Like Elvis Presley and Ray Charles, Merle Haggard is a singer in whose voice one can hear all the strands of American popular music. Today is his birthday and we want to salute him while he is still around to win fans and influence people.
A few years back the Los Angeles Times published a terrific profile of Haggard by Times music critic Robert Hilburn (the profile is no longer available on the Times site). Hilburn’s profile focused on Haggard’s songwriting. Hilburn opened the profile with a visit to Haggard from the tax man:
Merle Haggard, the country music star who really did turn 21 in prison, just like it says in one of his songs, figures it cost the IRS nearly $100,000 the day an agent came to his ranch near here to try to figure out what goes into writing a hit.
Haggard’s tax return was apparently kicked out by the computer for too many business deductions, and the agent wanted the songwriter to show him how the 200-acre spread in the mountains helped him do his work. During a walk around the grounds, Haggard explained how a creek inspired one song, a flowerbed led to another, and a bulldog jump-started a third.
“Finally, this fellow looks at me and says, ‘Why, Mr. Haggard, everything you do is a write-off,’ and he started pointing out other things I should have declared,” the songwriter says, laughing so hard his whole body shakes.
In a thoughtful column (no longer available online), Sacramento Bee editorial page editor David Holwerk dubbed Haggard poet of the people and argued the case for naming him California’s next poet laureate. Holwerk portrayed Haggard as something of a latter-day Woody Guthrie, appending the lyrics to “Mama Tried,” “Tulare Dust,” “Hungry Eyes,” and (the terrific) “Rainbow Stew” to his column. Holwerk acknowledged but discounted “Okie from Muskogie,” a song that seems to me to sit uncomfortably between the anthemic and the satirical. To support Holwerk’s nomination of Haggard as California’s poet laureate, I would cite a song that gets about as close to poetry as the great traditional folk songs do, “Kern River,” or a painfully self-revelatory gem like “Footlights.”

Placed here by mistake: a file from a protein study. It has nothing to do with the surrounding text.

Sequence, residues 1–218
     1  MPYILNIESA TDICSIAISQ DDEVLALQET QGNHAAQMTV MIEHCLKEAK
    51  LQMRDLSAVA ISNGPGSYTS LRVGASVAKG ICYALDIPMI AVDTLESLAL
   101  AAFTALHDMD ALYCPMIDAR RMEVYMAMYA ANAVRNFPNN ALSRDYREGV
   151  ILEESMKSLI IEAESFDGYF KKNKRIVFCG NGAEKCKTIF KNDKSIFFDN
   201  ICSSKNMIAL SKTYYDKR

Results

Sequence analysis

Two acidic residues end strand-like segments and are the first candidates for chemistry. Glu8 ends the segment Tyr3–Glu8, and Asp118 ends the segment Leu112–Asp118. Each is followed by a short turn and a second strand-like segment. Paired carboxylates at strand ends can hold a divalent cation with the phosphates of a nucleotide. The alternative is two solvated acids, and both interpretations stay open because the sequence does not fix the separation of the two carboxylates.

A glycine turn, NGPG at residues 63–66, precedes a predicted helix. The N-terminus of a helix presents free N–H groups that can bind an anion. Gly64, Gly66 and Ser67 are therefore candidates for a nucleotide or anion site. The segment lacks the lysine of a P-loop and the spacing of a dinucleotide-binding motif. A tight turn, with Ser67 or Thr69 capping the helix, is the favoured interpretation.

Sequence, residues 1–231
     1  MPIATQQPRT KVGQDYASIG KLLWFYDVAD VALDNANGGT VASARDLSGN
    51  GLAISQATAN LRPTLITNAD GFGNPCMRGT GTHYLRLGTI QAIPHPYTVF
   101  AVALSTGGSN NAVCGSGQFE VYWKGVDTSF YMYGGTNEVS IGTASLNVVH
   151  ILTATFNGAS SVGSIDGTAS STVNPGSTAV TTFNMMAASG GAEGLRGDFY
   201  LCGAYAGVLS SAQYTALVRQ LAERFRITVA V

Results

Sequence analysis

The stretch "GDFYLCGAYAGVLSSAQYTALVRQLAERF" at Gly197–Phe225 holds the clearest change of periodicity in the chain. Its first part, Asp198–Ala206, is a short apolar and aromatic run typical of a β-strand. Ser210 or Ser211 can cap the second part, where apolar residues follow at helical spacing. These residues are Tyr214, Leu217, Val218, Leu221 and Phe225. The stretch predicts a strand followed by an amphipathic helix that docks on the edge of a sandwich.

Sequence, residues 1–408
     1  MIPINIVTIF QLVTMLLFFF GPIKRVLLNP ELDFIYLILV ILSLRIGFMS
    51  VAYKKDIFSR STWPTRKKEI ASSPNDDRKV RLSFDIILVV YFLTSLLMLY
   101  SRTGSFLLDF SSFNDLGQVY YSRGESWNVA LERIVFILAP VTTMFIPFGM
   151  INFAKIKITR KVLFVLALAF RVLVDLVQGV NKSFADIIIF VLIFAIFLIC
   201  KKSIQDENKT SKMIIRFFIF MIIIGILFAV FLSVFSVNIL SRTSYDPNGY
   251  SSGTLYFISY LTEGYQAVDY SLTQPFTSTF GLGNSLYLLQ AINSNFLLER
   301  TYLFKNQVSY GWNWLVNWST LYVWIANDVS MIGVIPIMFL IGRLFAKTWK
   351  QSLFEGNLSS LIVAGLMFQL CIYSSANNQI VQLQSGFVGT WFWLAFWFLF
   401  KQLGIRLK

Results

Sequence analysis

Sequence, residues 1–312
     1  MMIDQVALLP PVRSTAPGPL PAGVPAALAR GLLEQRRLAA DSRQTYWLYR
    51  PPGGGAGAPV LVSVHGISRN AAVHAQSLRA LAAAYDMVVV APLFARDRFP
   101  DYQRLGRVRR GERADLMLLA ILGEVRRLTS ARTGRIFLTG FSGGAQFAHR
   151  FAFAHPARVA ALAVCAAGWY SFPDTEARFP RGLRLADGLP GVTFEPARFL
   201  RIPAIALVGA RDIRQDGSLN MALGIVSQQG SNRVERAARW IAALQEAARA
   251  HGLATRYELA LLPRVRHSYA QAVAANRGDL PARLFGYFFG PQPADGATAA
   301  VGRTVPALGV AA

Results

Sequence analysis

Outside his art, Haggard now talks like a conventional lefty. His views have probably “evolved” over the years. For a few songs that belie the political tinge that Holwerk attributed to Haggard, however, I would cite his paean to freedom and his derogation of “your so-called Social Security” in “Big City,” as well as his hard-headed tribute to the working man in “Workin’ Man Blues.” John Hinderaker would cite “My Own Kind of Hat,” Haggard’s politically incorrect meditation on language and life.
Haggard of course did not start out as a musician, much less a poet. He started out as a criminal and landed in prison. As governor of California Ronald Reagan granted Haggard a full pardon in 1972, and Haggard hasn’t forgotten.
In “Are the Good Times Really Over?” (video above), Haggard asks a series of questions that are still timely, and that (mostly) still bite. His observations are part mock nostalgia, part wordplay, and part kidding on the square. He concludes the questions with an answer that is both optimistic and needed.
In any event, as Holwerk suggested, Haggard is the author of a large, complex body of work. Holwerk’s nomination of Haggard as California’s poet laureate was inspired, but why stop at California? (First posted in 2010.)